News Cast 2/22:


February 22, 2024

News Cast for February 22nd:

Okeechobee County fired the consultant they hired on water issues, MacVicar Consulting Inc.

The Chairman David Hazellief said the consultant took a stand contrary to Okeechobee’s position on the lower Kissimmee storm water treatment area.

He supported sending a 30 day notice.

The new lake regulation schedule has been the main focus of the contract.

MacVicar also represents other counties around the lake.

The state legislature is considering a bill to pay former clients of the Okeechobee School for Boys and the Dozier School who allege they were mentally, physically and or sexually abused.

Senator Daryl Rouson has filed a similar bill for the last few years. He also would have the state present these clients who are still living with high school diplomas.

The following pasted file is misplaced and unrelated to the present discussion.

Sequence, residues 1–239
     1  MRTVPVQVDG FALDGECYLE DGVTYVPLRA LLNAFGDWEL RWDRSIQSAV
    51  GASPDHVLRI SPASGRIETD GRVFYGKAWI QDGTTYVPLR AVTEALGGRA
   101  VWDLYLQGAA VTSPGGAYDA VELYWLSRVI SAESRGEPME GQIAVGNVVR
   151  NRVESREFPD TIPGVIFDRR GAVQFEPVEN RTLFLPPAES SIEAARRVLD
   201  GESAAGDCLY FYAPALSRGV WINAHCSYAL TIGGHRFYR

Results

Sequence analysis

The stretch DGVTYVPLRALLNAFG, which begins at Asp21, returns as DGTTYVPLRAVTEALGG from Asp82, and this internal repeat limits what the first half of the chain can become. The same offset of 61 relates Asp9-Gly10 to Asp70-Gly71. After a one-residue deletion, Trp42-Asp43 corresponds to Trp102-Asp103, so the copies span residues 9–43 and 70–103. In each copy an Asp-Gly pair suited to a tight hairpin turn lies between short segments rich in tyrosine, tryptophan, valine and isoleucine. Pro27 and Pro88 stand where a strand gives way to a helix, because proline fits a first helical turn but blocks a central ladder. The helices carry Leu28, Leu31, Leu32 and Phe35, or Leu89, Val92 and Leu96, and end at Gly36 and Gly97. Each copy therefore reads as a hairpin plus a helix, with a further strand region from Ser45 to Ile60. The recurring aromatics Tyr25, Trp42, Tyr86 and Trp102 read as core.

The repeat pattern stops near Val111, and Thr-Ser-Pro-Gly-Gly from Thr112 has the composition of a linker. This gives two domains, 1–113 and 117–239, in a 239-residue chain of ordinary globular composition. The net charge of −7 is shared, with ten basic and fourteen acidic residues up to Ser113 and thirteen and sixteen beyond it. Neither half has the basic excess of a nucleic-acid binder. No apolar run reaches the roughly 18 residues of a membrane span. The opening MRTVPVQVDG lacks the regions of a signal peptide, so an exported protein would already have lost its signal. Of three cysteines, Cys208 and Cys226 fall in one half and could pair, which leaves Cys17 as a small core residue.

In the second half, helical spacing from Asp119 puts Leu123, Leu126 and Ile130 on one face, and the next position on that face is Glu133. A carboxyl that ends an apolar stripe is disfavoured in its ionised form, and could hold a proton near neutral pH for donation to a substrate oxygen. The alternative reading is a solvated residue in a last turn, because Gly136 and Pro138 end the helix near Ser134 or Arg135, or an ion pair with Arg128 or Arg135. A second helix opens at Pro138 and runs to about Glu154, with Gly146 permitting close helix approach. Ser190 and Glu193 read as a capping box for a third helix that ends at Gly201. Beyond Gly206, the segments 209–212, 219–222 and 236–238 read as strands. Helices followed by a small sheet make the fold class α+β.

Richard Huntley attended the Dozier School. He told a Senate committee about being whipped four times in what was known as the White House.

He said the state had promised to train and educate many of these boys and ended up abusing them.

The Florida Fish and Wildlife Conservation commission planned an 800 acre controlled burn this week on Lake Okeechobee. The burn is in the Moonshine Bay area.

They crews were targeting cattails and other vegetation.

They promised to watch weather and wind conditions and could postpone the burn.

They also promised to minimize smoke impacts on motorists and communities around the lake.

The Florida Cracker Trail riders get to Okeechobee today on their annual trek around the state.

They will hold a luncheon at the Edna Pearce Lockett Estate and plan to have a wedding ceremony of two people on this year’s ride.

They stay tonight at the Bass Ranch in Basinger and will be entertained by cowboy poet Doyle Rigdon.

Forecasters expect the weather patterns and warm waters to create a blockbuster 2024 hurricane season in Florida.

They are predicting explosive tropical development with a higher risk of storms making landfall in the Gulf Coast and especially in Texas.

There were 20 named Atlantic storms in 2023, which ranks fourth for the most-named storms in a year since 1950.